Home Page Marking our history can help us be more than just nice people 07/12/12

Haverhill Poll
Haverhill Poll


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Matthew Hancock
Your Local MP

Hart of the Matter

Each year, when the fantastic fireworks round off a lively Family Christmas Night, we sit back and think to ourselves that Haverhill really is a great community.


Everyone gets together to celebrate and enjoy one big evening in the year and goes away thinking other places could learn a lot from us. That sense of the community creating its own positive energy is very encouraging and often impresses visitors.


It is something many say they find less evidence of in other, more prestigious, towns and it is usually the thing they remember most about Haverhill. This has been the case as long as I can remember, even in the dark days of the 1970s when the town had a different reputation for less positive reasons.


And that is part of the problem. Haverhill still manages to give out the impression that it is a great community in spite of everything. Very often, visitors go away with that thought. They will say with surprise how nice the place turned out to be, rather in the way my mother, who considered herself very liberal and enlightened (as, in fact, she was for her time), would praise someone as being very good-looking ‘for a darkey’.


Why is it that Haverhill is, after all this time, still not a place where people might naturally expect to find events like the Family Christmas Night and the Firework Display?


It may seem radical, even controversial, to suggest it, but this may be because we spend so much time and effort on the residents – what companies would call the human capital. It’s very laudable but, like a lot of worthy efforts, it doesn’t get you very far in that hard old outside world.


Other things matter there – economic vitality, civic pride, articulacy, sheer jaw-dropping beauty. It’s no different from the human experience. Helping the people around you is not often a recipe for wealth and success in the material sense. It’s more of an asset to be sharp, self-confident, plausible or drop-dead gorgeous.


And, if you are in the business of caring for your neighbour, it is easy to be a bit sniffy about some of those other qualities that get people to the top, as if they are shallow and unnecessary.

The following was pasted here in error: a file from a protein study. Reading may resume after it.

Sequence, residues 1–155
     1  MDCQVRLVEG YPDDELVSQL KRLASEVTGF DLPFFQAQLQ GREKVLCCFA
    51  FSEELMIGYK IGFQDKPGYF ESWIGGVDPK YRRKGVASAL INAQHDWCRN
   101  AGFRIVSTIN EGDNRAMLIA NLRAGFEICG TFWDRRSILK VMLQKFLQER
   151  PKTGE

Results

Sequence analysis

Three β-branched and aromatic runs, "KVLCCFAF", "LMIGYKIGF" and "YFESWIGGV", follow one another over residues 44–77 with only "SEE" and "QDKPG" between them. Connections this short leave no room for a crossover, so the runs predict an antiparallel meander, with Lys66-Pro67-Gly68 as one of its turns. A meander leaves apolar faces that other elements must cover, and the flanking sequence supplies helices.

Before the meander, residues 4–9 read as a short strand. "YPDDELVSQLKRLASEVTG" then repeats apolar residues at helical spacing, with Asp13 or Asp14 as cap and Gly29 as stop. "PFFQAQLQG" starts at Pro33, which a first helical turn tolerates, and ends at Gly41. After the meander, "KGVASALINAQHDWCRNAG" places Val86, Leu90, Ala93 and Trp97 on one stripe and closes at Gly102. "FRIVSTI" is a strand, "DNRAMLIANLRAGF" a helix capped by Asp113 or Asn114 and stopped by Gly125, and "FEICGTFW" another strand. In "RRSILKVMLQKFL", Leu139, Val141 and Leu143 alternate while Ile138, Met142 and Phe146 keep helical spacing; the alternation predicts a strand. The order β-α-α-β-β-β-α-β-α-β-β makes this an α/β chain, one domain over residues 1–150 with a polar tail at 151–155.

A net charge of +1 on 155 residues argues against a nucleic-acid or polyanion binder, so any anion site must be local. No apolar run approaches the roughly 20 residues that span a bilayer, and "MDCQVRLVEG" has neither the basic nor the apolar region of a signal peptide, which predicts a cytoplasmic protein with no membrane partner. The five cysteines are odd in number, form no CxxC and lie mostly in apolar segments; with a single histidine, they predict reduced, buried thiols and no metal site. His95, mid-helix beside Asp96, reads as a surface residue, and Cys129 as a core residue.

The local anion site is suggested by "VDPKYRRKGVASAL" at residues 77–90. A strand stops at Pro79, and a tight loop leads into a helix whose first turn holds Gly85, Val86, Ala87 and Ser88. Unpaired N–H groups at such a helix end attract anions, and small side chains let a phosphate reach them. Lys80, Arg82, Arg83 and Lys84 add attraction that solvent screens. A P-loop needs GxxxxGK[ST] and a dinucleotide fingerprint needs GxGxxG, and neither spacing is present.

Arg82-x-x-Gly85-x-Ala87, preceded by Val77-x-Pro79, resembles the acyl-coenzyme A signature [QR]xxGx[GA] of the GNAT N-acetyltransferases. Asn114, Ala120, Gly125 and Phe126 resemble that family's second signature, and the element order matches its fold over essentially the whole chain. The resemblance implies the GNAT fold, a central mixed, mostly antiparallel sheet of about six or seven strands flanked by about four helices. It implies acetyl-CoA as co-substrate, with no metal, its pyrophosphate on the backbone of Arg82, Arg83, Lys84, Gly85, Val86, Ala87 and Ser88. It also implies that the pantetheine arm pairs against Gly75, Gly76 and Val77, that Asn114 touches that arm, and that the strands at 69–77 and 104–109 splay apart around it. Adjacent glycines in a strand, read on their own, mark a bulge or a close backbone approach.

What is it about Haverhill that makes our local authorities feel it is not worthy of a museum? I have pondered over this question for the best part of 25 years.


Almost everywhere I go on holiday in Britain, there is a little museum trumpeting the history of the place, from Orkney to the Scilly Isles and from Colchester to the Isle of Mull. Clare has one. Ashdon has one – at least it used to have, so I suppose it still does.


Haverhill, a town more than ten times the size of those places, has a little room hidden away in the bowels of the arts centre, and even that is now under threat.


Ah, you say, but Clare is a historic place – it has a castle. And what makes you think Haverhill is not? Is it Milton Keynes, or Cambourne, which were created in our lifetimes? Anyone would think so.


In fact, Haverhill is an extremely historic town. It is one of only four West Suffolk towns in Domesday Book to have a market – the others being the abbey at Bury St Edmunds, Sudbury and Clare. Anyone who saw the results of the big dig will know that Clare must have been a fairly new centre at the time, because there is virtually no evidence of Saxon settlement there at all.


Haverhill, however, has a High Street which is, in all probability, an old Roman Road. There is a Roman burial mound at the Sturmer end of the bypass. Recent archaeological work on the research park site has shown Romano-British occupation. A large Saxon cemetery was excavated at St Botolph’s proclaiming a sizeable town.


In the first vaguely accurate map of Britain 1595, only ten places are named in Suffolk, and one of them is Haverhill. In the 19th century a complete Victorian town was created here and most of it still survives. It is unusual, if not unique, in southern England and very worthy of preservation.


None of this comes across to the casual visitor to the town at all. We hear of places being airbrushed out of history, but Haverhill has almost had history airbrushed out of it. I don’t believe that its residents have been unaffected by this, particularly those who came with town expansion from London.


I reckon most of them and their second and third generations families, along with those who have moved here since, think they came to a faceless place which appeared out of the ground in about 1950 – or, if they are slightly more familiar with architecture, in 1890.


Alas, I fear there is little hope of changing this. A prominent Conservative councillor told me some time ago they considered a museum for Haverhill would be a pointless waste of money and create no civic pride. I know of Labour councillors who would fight a museum tooth and nail because it would glorify the Gurteen family, who they see as the great exploiters of the workers.


While we have this blinkered lunacy among those who represent us, I would not be at all surprised if our entire history was buried beneath the premises of the next cut-price retailer we can clasp desperately to our collective bosom.

David Hart
David Hart revives his personal take on the week in Haverhill, covering everything from major town developments to what we do with our rubbish.
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